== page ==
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Genet Med. 2010 Dec;12(12 Suppl):S213-4. doi: 10.1097/GIM.0b013e3181fe5d77.

Newborn screening conditions: What we know, what we do not know, and how we will know it.

Author information

  • Division of Genetics, Children's Hospital Boston, Massachusetts 02115, USA. harvey.levy@childrens.harvard.edu

Abstract

Expanding newborn screening beyond that for phenylketonuria was always the goal of Guthrie once phenylketonuria screening was on solid ground. He succeeded in this effort to an extent, adding screening for galactosemia, maple syrup urine disease, and homocystinuria. Screening for congenital hypothyroidism, congenital adrenal hyperplasia, biotinidase deficiency, and a few additional disorders was added by others over the years. However, a very large expansion of covered metabolic disorders eluded Guthrie despite his best efforts. This required a new screening technology, tandem mass spectrometry, which was not available until recently. Now, almost all developed newborn screening program use tandem mass spectrometry to cover the 29 metabolic disorders recommended for coverage by the American College of Medical Genetics and additional secondary disorders. The results have in some cases been spectacular in preventing or greatly reducing the burden of disease imposed by many of the screened disorders. However, expanded newborn screening has also brought problems that need to be addressed. These include lack of knowledge about the natural history of some of the disorders, absence of effective preventive therapy for others, identification of seemingly benign disorders or benign variants of severe disorders, and the resulting parental anxiety. To address these and other issues brought by expanded newborn screening, a national effort led by the American College of Medical Genetics has been developed. This effort known as the Newborn Screening Translational Research Network seeks to stimulate research, advocate pilot screening programs for proposed new additions to screening, and develop a protocol-based systematic long-term follow-up of infants identified in expanded screening programs. Upon the outcome, this critical effort will depend on the health and well-being of children throughout the United States.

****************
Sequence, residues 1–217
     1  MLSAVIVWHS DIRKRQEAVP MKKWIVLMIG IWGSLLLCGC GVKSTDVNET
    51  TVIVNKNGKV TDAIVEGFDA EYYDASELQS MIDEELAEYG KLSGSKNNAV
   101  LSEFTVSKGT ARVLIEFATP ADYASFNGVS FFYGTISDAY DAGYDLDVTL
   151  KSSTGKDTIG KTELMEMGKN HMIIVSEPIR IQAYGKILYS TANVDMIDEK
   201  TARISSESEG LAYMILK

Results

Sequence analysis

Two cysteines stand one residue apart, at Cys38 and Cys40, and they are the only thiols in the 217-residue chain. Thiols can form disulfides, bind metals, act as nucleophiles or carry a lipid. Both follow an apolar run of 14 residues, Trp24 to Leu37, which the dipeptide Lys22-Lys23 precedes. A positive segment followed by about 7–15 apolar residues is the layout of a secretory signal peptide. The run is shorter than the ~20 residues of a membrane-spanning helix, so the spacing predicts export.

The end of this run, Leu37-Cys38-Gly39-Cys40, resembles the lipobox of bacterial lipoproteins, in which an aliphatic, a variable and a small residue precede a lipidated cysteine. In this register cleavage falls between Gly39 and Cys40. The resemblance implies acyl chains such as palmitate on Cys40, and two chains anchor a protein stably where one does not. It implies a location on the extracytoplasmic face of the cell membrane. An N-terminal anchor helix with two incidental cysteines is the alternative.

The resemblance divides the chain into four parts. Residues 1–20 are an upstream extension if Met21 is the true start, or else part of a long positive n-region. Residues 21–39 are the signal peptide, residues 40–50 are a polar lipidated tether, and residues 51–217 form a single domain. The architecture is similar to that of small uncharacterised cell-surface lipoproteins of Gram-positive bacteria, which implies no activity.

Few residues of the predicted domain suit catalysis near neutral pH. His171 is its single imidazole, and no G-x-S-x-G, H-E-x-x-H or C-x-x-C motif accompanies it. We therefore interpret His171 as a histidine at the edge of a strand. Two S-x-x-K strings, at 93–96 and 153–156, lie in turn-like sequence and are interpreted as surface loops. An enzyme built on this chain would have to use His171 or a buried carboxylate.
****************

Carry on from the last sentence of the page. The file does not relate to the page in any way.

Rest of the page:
PMID:
21150366
[PubMed - indexed for MEDLINE]
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